The weekly student newspaper of Bucknell University

The Bucknellian

The weekly student newspaper of Bucknell University

The Bucknellian

The weekly student newspaper of Bucknell University

The Bucknellian

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George M. Johnson speaks on diverse storytelling for Bucknell Forum

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Charlotte Olin / The Bucknellian

Activist and author of the New York Times bestselling memoir-manifesto All Boys Aren’t Blue, George M. Johnson took to the Trout Auditorium stage this past Tuesday evening as the fourth speaker for the Bucknell Forum’s “Freedom of Expression” series. In their speech, entitled “Diverse Storytelling and Why it Matters,” Johnson dove into aspects of their life and childhood that didn’t make it into All Boys, as well as the reality of the long-term, dangerous effects of book-banning in the United States today. 

Born and raised in Plainfield, New Jersey, Johnson opened their speech with a rather amusing admission— they already had a connection to Bucknell prior to being invited to the Forum because their hometown high school tried to encourage students to apply to and attend this university. Johnson ended up attending Virginia Union University, but they recall hearing of Bucknell with appreciation. 

A significant portion of Johnson’s speech was dedicated to reflecting on the education they received throughout their lifetime, beginning with simplified elementary school history classes and stretching through high school English curriculums. Johnson “grew up at a time when there were no books that represented who [they were],” which, ultimately, is what inspired them to write All Boys Aren’t Blue: “I wrote the book I wish fifteen-year-old me had,” Johnson said, divulging that they wrote as vulnerable and honest as they did because they “knew [they] were writing something that needed to be out there.” 

In Johnson’s own words, “stories matter,” but in the current political climate, thousands of stories are being pulled from shelves and banned in the name of “child protection.” The reality is, Johnson mused, “we don’t give enough credit to the youth for how much they know”— and often, books are “tools” students can use to “navigate things they’re already experiencing.”  Without books like All Boys Aren’t Blue, many students who would otherwise feel seen and less alone just sink further into isolation and self-hatred. 

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Johnson said, upon reflecting on school board meetings and courtrooms they’ve had to attend to defend their work, “Sometimes people build up a hatred for [a group of] people they’ve never even met.” Such is the case with the extremist group “Moms for Liberty,” a small but determined force pushing book bans in dozens of states across America. The group’s efforts have catapulted Johnson’s manifesto-memoir to the position of the #2 most-banned book; Johnson is currently the most banned Black author in the country. “Moms for Liberty” has affected dozens of authors in the United States, including Jodi Picoult, who spoke for the Bucknell Forum in late January.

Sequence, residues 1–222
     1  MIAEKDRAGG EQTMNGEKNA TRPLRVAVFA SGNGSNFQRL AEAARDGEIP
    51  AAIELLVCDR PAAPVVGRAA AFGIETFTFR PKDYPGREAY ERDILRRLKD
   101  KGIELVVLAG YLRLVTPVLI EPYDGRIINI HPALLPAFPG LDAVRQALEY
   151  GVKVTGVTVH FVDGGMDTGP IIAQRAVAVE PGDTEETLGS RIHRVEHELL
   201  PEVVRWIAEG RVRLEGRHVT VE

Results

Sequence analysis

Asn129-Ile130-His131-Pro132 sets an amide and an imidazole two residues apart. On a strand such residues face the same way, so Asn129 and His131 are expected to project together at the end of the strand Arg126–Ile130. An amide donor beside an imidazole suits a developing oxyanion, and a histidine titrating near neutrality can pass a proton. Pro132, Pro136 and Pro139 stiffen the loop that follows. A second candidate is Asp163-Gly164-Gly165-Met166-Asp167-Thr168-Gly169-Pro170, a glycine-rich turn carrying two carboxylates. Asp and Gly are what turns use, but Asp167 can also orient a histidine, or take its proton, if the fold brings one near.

Johnson, like Picoult, has chosen to fight against the rash of bannings spreading across the nation, but it’s not the fight they expected they’d be in the trenches of. Activism has always been a part of Johnson’s life—they had a soup kitchen as a kid, and have done HIV work since 2013—so this scene isn’t as new to them as they’d like, but the scale is unprecedented. “I never thought it would get this large,” Johnson said of the efforts to ban their book, and their efforts to advocate for public education and free speech in turn. “It’s not the badge of honor I was hoping for.” 

Students at Bucknell expressed their appreciation for Johnson, their book and their activism during a brief Q&A. When asked for book recommendations, Johnson suggested Toni Morrison’s debut novel, “The Bluest Eye,” describing it as “something else.” 

The fifth and final speaker for the Bucknell Forum’s “Freedom of Expression” series will be Jane Fonda on Tuesday, March 19th, in the Weis Center Concert Hall. 

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